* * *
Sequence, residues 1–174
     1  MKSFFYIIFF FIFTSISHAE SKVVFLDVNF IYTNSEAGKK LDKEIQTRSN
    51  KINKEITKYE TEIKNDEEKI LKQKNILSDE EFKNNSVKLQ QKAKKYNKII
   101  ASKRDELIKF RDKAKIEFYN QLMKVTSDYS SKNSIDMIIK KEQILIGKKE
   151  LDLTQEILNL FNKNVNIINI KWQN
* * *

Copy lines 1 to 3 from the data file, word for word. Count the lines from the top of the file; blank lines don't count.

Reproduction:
Sequence, residues 1–174
     1  MKSFFYIIFF FIFTSISHAE SKVVFLDVNF IYTNSEAGKK LDKEIQTRSN
    51  KINKEITKYE TEIKNDEEKI LKQKNILSDE EFKNNSVKLQ QKAKKYNKII